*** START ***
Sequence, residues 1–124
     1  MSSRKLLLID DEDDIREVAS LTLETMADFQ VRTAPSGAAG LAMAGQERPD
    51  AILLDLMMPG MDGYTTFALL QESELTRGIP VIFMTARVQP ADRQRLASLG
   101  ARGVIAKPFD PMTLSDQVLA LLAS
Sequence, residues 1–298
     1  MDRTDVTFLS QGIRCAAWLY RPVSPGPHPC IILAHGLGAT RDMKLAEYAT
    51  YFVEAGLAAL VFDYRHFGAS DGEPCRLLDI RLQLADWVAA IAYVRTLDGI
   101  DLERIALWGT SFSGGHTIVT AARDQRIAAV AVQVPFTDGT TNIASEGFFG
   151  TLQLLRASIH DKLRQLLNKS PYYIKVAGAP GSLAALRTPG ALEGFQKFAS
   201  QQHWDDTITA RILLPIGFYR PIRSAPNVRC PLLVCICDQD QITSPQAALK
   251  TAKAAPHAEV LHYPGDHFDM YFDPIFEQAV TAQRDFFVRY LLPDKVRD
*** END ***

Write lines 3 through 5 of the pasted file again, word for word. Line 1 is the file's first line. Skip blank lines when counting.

    51  AILLDLMMPG MDGYTTFALL QESELTRGIP VIFMTARVQP ADRQRLASLG
   101  ARGVIAKPFD PMTLSDQVLA LLAS
Sequence, residues 1–298